We offer our first and exclusive Q&A Interview with Alyssa Brocker, a writer whose multiple literary works have been featured on our Spillwords pages as well as being Author of the Year of 2016. She has also been highlighted in Spotlight On Writers published in September, 2016.
What was an early experience where you learned that language and writing had power?
The first time I was ever affected by the words someone said to me was when I was six. I remember her name and exactly what she said. It stuck with me, as words have a habit of doing. Even though it wasn’t a good kind of feeling, it taught me that what we say, what we write, it really makes a difference in people’s lives. It sticks with you.
Does writing energize or exhaust you?
For me it does both. When I start a piece, whatever it may be, the fresh story gives me excitement. The adventure of a new plot drives me forward. The exhaustion comes in when I’m towards the middle. Whether the middle is twenty words, or twenty-thousand. When I finish with a project that’s one of the best feelings out there.
How many hours a day do you write? And in a perfect world how many hours would you like to dedicate to writing?
I try to write at least an hour a day. Either right after I wake up, or right before I fall asleep. I tend to write better when I’m tired, the words flowing easier when I’m not overthinking them. I would write all day if I could, but trivial things like food, and sleeping get in the way.
Does ego help or hurt writers?
Again, I think it does both. If you think nothing you write is worth reading, it will be hard to get anywhere as a writer. If you think the first draft of everything you write is perfect and ready to submit, that could be your greatest downfall. It’s all about balance.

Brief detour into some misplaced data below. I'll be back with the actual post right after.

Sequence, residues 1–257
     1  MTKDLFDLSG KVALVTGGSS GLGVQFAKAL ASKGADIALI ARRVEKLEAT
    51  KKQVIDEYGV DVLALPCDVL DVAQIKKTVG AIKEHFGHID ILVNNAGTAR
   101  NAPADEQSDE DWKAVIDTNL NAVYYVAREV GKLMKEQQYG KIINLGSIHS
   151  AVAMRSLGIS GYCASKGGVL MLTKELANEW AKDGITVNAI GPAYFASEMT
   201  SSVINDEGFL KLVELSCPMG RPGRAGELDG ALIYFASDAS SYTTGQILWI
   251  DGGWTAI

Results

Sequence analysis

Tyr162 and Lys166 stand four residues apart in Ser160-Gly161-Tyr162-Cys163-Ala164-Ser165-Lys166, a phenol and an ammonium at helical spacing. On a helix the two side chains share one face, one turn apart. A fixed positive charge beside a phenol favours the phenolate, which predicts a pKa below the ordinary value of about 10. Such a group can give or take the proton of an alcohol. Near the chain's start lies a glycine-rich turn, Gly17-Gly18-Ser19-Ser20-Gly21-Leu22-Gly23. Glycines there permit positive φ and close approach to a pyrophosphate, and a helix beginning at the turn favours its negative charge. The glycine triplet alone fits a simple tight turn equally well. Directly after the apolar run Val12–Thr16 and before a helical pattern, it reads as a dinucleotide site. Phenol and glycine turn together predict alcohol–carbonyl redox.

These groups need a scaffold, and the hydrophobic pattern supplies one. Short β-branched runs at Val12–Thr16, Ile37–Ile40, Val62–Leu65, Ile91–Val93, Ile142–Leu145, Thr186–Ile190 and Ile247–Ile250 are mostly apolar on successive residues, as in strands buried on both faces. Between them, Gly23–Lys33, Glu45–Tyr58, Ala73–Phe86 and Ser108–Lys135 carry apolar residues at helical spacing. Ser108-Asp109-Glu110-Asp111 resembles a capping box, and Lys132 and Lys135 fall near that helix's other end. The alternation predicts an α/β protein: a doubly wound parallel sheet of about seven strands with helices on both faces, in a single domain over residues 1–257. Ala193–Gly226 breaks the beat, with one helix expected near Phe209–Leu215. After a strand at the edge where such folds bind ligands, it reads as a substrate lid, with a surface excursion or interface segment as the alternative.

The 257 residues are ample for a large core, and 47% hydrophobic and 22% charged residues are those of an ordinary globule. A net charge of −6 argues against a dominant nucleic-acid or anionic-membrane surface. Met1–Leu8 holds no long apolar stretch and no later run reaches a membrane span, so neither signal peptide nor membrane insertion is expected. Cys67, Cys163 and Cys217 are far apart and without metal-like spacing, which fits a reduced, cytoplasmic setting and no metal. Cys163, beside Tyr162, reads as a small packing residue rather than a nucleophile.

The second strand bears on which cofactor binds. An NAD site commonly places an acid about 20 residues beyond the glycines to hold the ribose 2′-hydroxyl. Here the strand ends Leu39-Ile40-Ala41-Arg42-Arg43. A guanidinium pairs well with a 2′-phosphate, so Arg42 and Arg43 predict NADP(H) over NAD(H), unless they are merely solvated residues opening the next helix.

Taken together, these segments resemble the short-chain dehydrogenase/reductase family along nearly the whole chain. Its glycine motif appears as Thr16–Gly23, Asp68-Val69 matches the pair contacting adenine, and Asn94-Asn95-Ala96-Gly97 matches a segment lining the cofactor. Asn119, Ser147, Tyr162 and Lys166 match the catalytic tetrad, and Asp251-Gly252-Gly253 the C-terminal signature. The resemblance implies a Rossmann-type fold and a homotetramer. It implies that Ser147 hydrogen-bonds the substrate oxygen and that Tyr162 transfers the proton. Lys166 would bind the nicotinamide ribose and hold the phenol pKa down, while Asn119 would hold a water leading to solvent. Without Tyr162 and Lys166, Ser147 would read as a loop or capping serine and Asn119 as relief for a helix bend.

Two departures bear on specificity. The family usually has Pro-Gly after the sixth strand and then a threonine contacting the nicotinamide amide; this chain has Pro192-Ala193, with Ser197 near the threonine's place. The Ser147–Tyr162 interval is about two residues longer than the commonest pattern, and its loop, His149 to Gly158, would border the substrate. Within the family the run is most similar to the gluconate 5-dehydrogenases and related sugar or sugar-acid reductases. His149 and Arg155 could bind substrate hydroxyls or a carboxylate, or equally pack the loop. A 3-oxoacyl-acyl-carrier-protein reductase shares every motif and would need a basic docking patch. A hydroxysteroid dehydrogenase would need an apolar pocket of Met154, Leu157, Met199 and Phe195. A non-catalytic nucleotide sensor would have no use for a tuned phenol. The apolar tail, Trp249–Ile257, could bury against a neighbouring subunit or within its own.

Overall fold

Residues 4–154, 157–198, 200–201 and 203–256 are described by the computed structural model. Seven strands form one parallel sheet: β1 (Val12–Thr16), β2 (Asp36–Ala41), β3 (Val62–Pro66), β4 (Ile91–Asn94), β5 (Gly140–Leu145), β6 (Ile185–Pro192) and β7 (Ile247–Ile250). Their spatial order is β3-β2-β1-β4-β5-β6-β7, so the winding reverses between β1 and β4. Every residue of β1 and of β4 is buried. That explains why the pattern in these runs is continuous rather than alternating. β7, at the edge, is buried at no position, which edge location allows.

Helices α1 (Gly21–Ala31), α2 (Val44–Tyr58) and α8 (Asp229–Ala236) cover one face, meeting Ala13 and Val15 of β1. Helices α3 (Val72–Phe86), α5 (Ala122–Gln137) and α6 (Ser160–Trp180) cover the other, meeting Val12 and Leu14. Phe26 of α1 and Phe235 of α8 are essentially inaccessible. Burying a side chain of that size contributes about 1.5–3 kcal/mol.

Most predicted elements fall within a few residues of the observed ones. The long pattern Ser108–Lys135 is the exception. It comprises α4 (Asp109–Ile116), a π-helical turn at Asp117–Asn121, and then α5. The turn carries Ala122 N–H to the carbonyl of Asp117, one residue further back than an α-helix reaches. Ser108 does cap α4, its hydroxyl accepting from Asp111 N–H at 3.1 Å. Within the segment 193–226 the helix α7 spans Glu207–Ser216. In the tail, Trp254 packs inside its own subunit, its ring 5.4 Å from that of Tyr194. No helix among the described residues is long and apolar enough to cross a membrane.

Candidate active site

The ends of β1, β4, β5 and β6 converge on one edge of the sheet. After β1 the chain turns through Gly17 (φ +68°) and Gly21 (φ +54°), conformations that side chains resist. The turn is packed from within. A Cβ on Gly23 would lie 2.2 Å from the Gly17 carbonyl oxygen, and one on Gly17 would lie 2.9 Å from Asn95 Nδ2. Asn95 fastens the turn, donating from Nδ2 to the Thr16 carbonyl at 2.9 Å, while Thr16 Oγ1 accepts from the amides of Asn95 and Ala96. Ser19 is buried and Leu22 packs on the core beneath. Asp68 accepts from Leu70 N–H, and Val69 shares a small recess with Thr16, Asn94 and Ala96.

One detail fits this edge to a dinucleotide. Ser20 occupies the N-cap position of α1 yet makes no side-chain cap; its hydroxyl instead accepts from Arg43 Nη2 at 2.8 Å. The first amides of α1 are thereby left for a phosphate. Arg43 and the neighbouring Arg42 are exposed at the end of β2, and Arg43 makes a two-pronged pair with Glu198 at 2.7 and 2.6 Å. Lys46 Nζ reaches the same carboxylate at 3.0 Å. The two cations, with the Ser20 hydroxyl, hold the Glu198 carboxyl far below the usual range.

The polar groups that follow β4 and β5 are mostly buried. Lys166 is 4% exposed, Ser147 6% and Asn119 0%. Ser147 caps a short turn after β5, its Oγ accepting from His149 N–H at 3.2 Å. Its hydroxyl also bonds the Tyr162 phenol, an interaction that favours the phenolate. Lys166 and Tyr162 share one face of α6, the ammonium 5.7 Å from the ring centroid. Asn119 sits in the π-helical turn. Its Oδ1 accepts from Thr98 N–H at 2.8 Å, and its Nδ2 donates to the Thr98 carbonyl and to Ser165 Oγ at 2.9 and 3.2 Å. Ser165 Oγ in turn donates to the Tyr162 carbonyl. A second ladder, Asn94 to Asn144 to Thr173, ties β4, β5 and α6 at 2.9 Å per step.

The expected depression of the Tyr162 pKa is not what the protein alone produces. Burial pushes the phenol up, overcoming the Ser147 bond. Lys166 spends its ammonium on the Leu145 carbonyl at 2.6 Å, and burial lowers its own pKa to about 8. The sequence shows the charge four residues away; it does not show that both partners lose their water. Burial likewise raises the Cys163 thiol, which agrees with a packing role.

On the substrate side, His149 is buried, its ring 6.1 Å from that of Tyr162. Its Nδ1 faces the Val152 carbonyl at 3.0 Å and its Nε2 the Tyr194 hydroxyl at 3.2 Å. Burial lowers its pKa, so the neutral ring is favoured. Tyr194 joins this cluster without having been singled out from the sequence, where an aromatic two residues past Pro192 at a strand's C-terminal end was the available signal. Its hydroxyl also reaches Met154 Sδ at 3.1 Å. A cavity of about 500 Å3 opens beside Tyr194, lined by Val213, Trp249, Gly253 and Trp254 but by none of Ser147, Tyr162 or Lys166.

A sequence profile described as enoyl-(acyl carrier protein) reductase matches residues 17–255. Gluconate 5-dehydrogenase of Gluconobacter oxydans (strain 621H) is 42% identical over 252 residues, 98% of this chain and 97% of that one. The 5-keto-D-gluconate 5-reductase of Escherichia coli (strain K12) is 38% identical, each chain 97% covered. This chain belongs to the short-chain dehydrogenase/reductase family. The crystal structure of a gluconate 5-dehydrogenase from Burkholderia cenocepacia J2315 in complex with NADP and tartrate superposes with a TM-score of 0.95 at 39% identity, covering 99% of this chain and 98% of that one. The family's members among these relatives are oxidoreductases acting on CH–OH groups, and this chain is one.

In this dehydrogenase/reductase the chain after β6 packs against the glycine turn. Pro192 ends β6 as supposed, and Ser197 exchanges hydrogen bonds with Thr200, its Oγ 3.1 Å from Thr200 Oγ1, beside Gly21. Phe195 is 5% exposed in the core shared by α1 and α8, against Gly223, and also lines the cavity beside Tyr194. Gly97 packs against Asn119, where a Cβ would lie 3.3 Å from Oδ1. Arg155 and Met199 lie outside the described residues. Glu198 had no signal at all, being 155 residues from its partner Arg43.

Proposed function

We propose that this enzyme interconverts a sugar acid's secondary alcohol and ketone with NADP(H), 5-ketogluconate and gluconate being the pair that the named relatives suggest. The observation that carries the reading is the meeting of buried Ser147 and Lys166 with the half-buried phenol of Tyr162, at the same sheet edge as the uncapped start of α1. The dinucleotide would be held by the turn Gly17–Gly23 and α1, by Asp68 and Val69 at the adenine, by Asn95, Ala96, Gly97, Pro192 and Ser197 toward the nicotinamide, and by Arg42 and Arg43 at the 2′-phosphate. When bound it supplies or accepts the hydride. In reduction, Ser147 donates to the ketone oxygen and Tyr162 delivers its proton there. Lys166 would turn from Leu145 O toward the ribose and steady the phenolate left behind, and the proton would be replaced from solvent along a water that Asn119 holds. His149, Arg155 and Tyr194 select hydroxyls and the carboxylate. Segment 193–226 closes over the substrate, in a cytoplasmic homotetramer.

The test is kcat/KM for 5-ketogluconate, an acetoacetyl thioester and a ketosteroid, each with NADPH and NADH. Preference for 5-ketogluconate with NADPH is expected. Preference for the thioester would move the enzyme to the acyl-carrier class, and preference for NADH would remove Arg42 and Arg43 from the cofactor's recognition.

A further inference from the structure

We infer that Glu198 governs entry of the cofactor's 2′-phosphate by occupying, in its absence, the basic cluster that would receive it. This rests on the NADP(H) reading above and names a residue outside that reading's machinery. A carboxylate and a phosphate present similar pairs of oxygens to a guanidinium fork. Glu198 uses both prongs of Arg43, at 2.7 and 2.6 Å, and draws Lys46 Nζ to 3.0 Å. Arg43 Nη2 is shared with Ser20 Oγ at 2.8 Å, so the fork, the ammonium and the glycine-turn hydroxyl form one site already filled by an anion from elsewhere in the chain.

What is your writing Kryptonite?
I’d like to say something profound, but being one hundred percent honest it’s food. Preferably pizza, it always distracts me.
Do you summon your muse or does it come naturally?
My muse comes from the experiences I have in life. Not the experiences themselves, but the feelings I draw from them. The way I felt from a certain boy, or being embarrassed in front of a crowd. I try to make a story out of those emotions.
Is the support of your friends and family important to your writing process?
My support system of the people closest to me is one of the most vital things for my writing. It’s significant to believe in yourself, but it’s almost impossible to do it when there’s no one there to tell you, you should.
Do you ever Google yourself?
An embarrassing amount of times. A little trick when I have writer’s block is to search for my publications on Google. When you see your name, your writing, it gives you hope.
Do you have any suggestions to help others become better writers? If so, what are they?
Don’t let someone tell you should stop writing. I’ve come close to giving up on writing, because someone told me nothing was ever going to come from it. Of course always take suggestions, keep growing as a writer from the help of others. If you believe in what you’re writing, the story you’re telling, no one should be able to stop you from creating your work. Also, be genuine, find the truth in everything you write.
What does it mean to you to be the Spillwords Press 2016 Author of the Year?
The amount of joy I felt when I got the email is indescribable. It’s validation from thirty-seven rejections, even though they also have helped my writing. It’s joy I feel from this website and the opportunities you give to small writers like myself.
Alyssa Brocker is a twenty-year old college graduate. She found her love for poetry by working with her theater group to create an original play written in prose. She lives with her beloved dog who is always her first reader.